Commands and Setting Limits
With clinical psychologist Dr Daniel Weisberg, managing director of CAYP Psychology.
This Rosh Hashanah and Yom Kippur, families will be spending more time together. Your children will test you, especially when they’re asked to do something they would rather avoid. Temper tantrums are normal, healthy behaviour. Your children are just testing your rules. If you are not consistent, they will probably test you even harder next time. And remember, typically developing children will fail to comply with their parents’ requests about one third of the time.
Parents, on average, give their children 17 commands every half an hour. In families where children have more behaviour problems, the number rises to an average of 40 commands every half an hour. Children of parents who give an excessive number of commands actually develop more behaviour problems.
One command at a time
Have you ever strung together multiple commands? ‘I want you to put your things away, get your pyjamas on, and brush your teeth.’ Most children can only hold a couple of things in mind at any one time – so long strings will get you nowhere. Another type of chain involves parents saying the same thing again and again. Children will quickly learn there is no real need to comply until the fifth time.
Make it relevant
Some parents repeat a command when their children are already doing as requested, for example: ‘put your toys away’, when this has already started. Other parents give commands about trivial issues from ‘colour that frog green’ to ‘eat all your dessert’. These orders are unnecessary, and they will probably result in a battle of wills. Spoiler alert: you’ll lose.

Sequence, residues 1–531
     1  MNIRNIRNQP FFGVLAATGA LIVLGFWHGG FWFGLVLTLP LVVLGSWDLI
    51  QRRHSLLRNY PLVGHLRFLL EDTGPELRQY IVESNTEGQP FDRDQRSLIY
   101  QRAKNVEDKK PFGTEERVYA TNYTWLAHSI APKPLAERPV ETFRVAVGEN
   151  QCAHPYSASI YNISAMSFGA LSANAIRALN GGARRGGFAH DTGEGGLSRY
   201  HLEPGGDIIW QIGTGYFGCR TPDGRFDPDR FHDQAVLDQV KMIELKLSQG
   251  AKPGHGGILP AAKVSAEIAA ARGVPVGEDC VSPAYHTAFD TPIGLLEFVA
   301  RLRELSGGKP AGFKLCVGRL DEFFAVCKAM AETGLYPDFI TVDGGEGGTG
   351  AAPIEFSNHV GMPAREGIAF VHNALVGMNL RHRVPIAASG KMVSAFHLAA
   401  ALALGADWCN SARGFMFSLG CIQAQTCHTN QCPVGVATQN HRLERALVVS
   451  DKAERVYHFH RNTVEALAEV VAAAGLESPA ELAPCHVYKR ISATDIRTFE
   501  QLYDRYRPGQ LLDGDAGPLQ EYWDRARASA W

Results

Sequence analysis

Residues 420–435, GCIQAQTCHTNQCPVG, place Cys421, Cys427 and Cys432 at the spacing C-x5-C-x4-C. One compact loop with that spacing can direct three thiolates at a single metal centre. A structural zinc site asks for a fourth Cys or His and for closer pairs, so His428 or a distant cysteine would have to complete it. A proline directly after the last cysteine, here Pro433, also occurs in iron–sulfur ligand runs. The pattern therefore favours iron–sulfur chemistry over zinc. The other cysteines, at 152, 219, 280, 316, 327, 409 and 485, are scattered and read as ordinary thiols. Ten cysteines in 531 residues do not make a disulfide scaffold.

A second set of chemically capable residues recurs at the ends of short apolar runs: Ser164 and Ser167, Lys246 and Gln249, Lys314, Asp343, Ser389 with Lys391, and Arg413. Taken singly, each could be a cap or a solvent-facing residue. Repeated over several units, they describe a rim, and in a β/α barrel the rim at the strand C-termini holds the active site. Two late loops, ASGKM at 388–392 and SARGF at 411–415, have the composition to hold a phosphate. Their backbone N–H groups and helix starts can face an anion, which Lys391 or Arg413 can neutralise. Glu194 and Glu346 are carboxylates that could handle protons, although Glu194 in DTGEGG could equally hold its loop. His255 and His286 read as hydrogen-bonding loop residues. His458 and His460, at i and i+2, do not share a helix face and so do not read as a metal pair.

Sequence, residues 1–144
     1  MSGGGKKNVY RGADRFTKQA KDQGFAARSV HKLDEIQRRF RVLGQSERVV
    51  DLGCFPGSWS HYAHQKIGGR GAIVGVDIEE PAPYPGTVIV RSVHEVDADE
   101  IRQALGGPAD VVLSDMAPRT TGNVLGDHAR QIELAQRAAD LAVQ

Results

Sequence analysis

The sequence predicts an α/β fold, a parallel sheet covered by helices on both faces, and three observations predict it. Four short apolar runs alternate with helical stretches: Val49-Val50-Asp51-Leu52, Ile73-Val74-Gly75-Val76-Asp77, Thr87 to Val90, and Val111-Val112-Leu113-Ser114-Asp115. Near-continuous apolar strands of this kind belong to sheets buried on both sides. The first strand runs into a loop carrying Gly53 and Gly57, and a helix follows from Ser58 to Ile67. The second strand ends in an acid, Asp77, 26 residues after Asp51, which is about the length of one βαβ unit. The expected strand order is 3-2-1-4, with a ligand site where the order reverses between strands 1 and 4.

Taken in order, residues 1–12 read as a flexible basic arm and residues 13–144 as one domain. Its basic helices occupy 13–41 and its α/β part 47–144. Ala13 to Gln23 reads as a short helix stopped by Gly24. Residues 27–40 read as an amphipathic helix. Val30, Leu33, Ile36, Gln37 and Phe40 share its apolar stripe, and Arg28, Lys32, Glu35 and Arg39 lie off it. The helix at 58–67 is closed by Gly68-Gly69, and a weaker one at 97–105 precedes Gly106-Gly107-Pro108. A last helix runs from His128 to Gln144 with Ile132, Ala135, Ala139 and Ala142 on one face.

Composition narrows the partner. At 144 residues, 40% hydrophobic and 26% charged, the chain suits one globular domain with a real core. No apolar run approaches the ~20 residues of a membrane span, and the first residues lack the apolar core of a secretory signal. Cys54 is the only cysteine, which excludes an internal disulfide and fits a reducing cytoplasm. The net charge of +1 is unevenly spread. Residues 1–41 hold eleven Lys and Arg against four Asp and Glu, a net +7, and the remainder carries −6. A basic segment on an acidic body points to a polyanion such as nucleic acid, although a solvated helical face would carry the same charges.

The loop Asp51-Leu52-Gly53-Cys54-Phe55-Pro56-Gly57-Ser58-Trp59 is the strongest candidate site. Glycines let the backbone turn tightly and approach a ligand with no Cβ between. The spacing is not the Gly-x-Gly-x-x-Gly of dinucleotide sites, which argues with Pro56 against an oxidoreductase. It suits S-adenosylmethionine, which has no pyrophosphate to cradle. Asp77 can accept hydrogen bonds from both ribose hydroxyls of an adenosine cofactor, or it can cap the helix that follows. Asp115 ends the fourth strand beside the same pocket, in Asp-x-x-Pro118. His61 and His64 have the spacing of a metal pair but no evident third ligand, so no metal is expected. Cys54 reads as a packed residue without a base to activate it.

Make commands clear
Vague commands are confusing. ‘Be careful’ or ‘be good’ do not specify what behaviour is expected. Another unclear command is a descriptive, yet critical comment: ‘Watch it, you’re spilling your drink’. Being unclear will not improve compliance. Be specific about what you want, start the command with a verb, for instance ‘walk slowly’ or ‘speak softly’.
Being authoritarian will lead to critical, negative or sarcastic commands, like ‘why don’t you sit still for once in your life?’ These commands cause children to feel incompetent, defensive and less inclined to comply. Children’s feelings about themselves as worthwhile people should be considered just as important as obedience. Please be polite and show respect to your children.
If your children don’t comply, ensure the consequences outlined are put into place. Never threaten something you can’t follow through. But please praise compliance and let them know that you approve of that behaviour. Praising compliance encourages your children to be more cooperative and value your requests.
We’d like to take this opportunity to wish you a very happy and sweet new year.